Google was branded "devious," "calculating" and "unethical," as furious MPs stepped up pressure on the internet giant over its efforts to shelter its multi-billion profits from UK taxes.
MPs from the Public Accounts Committee quizzed the company's UK boss Matt Brittin as to why he has sales staff in the UK while registering profits from sales deals in Ireland - where tax is 10 percent lower.
ITV News Business Editor Laura Kuenssberg reports:
A tax expert tells me the Public Accounts Committee has become a "dangerous kangaroo court". He says Margaret Hodge risks "undermining rule of law".
He adds the committee is "out of control" and Margaret Hodge is displaying double standards.
Labour leader Ed Miliband has tweeted that Google's failure to pay tax shows a culture of "corporate irresponsibility" which is "totally unacceptable".
Google going to extraordinary lengths to avoid paying tax shows a culture of corporate irresponsibility which is totally unacceptable.
– Richard Murphy, director of Tax Research UK
What we are seeing is a company that is saying one thing and doing another. This is the story of large companies these days.
We're asked to trust these companies but they give us no reason to do so.
Business Secretary Vince Cable has told Channel 5 News that public outrage at Google and Amazon over tax is “absolutely justified”.
Cable said: "Particularly if you are a small company which can’t relocate overseas and has to pay a lot of tax, I can understand why people are absolutely furious and they’re looking for us in government, quite rightly, to close any loopholes."
He added: “Google, Amazon and some of these other companies are not actually acting illegally, they’re not engaged in illegal tax evasion, but what they are doing is using every opportunity they get to avoid paying tax, so there is an issue about ethical behaviour.”
Robert Oxley, Campaign Manager at the TaxPayers' Alliance has told ITV News that politicians "should be reforming the system instead of moralising about tax."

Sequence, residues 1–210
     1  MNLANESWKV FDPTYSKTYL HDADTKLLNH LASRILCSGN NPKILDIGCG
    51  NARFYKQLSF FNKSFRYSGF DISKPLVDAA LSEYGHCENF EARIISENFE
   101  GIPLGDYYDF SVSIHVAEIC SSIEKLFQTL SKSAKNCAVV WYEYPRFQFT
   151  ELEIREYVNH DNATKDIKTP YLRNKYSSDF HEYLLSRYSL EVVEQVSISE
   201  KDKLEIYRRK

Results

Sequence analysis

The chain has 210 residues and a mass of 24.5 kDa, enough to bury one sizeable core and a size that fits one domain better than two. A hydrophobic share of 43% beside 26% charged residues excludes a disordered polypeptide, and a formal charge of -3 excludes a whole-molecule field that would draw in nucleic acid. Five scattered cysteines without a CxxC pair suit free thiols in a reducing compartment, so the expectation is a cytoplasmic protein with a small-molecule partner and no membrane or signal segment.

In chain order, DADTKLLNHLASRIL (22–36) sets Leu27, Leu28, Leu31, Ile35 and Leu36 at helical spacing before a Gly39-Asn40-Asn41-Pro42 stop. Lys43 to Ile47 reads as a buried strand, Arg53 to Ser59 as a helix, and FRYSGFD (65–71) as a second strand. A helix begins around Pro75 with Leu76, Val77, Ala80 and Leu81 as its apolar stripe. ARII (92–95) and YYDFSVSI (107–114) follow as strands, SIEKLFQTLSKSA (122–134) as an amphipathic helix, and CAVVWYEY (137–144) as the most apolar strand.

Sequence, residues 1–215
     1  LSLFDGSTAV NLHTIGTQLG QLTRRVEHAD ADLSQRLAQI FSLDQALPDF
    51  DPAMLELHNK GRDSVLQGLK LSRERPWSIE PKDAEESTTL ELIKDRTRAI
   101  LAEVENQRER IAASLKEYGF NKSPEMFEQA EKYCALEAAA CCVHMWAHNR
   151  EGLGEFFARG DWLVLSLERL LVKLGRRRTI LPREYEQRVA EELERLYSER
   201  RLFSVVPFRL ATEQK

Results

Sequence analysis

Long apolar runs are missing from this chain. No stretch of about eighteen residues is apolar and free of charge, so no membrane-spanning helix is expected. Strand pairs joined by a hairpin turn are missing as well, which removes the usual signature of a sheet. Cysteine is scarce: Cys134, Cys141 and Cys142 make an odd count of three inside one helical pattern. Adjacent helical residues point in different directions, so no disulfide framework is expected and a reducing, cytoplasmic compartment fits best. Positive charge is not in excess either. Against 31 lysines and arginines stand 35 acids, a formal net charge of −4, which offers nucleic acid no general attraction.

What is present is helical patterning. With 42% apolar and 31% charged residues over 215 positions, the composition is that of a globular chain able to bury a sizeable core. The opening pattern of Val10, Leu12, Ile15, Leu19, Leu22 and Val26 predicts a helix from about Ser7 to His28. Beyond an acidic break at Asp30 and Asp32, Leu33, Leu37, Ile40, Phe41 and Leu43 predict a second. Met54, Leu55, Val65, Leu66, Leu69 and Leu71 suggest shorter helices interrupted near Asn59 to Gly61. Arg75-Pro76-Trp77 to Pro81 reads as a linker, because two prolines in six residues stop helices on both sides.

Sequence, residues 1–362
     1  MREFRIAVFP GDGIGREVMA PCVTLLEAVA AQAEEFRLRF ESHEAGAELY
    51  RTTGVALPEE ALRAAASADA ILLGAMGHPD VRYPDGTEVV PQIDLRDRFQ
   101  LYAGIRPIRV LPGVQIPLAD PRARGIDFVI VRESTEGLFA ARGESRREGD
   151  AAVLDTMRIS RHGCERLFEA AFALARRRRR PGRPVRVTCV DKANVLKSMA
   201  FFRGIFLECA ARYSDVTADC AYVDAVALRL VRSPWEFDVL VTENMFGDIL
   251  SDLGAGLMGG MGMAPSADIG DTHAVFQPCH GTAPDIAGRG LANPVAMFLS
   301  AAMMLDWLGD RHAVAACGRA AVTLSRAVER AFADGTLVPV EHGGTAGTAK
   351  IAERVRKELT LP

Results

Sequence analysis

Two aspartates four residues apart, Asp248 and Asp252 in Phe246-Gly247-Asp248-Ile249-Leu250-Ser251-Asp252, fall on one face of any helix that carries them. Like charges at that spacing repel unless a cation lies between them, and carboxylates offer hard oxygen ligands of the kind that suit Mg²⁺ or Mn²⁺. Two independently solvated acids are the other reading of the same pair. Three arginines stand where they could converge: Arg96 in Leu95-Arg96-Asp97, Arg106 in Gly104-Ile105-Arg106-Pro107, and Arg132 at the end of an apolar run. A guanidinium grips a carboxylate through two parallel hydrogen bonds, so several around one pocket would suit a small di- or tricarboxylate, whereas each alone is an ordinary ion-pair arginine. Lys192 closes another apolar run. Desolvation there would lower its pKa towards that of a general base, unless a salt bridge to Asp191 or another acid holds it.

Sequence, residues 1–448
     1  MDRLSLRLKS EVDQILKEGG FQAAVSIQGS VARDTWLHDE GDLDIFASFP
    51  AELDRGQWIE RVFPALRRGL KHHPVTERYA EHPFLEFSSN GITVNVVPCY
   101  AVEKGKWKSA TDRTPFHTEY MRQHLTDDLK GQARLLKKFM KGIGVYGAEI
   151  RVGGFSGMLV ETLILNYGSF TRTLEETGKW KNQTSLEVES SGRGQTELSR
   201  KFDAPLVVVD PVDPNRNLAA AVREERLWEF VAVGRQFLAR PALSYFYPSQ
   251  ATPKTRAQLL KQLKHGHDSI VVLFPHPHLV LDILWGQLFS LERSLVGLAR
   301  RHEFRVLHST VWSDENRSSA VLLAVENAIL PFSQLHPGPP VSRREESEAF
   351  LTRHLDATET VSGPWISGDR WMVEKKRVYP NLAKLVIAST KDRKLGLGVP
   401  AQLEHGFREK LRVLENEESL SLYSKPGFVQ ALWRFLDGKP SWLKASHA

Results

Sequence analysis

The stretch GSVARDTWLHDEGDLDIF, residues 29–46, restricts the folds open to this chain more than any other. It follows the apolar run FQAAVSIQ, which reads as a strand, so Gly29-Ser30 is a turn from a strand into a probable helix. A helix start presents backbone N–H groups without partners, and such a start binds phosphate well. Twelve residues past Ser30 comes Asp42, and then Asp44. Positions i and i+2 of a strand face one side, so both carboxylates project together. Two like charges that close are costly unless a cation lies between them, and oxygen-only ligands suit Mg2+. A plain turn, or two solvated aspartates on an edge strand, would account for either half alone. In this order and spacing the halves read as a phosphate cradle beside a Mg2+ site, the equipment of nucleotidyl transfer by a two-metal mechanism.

Margaret Hodge MP has told BBC Radio 4's World At One that "there is enough evidence by whistleblowers to suggest that sales activity is taking place at Google."
She added: "My feel is that Google are certainly masquerading as a marketing business here in the UK, where in fact they are a sales business.
"HMRC, if I may say so, are really dealing with them in a pussycat way, rather than what I would like to see - that they are the bulldogs working on behalf of you and I and everybody else as taxpayers.
"In my view they (Google) are undertaking sales activity here in the UK.
"They say they are not. I believe that they are, and we had evidence of payslips from UK-based staff where three-quarters of the money earned by individuals comes from commission. Commission only comes from sales."
Ms Hodge added: "We had evidence from all the people who do business with Google, lots of the ad agencies.
"They all think they are cutting deals with Google here in the UK. If everybody thinks that but Google, and perhaps the HMRC, shouldn't common sense prevail?"
Coffee chain Starbucks has today admitted that they have not yet paid any of the millions pounds they promised they would pay to the government after a row over their tax before Christmas.
MPs earlier accused Google UK boss Matt Brittin of "devious, calculated and unethical behaviour in deliberately manipulating the reality of the tech giant's business."
ITV News Political Correspondent Libby Wiener reports:
Committee chairman Margaret Hodge has criticised HM Revenue and Customs chief executive Lin Homer over the way her staff interpreted the law in relation to companies like Google.
"It is an issue of judgment," she said. "I think your judgment belies common sense. We don't trust your judgment.
"I think your staff are being bamboozled."
Ms Homer, who was appearing after Mr Brittin, insisted that HMRC was better qualified than MPs to determine what taxes were due.
"That is a matter for the application of expert tax knowledge. I'm afraid that that is something I think we do rather better than a select committee," she said.
She added: "Unless and until you change the law, we cannot collect the tax people would like us to collect."
Committee chairman Margaret Hodge has accused Google UK boss Matt Brittin of "devious, calculated and, in my view, unethical behaviour in deliberately manipulating the reality of your business in order to avoid paying your fair share of tax to the common good".
She added: You are a company that says you do no evil and I think that you do do evil in that you use smoke and mirrors to avoid paying tax."
Mr Brittin said: "We comply fully with the laws that are set down by politicians. Tax is not a matter of choice, tax is a matter of following the law."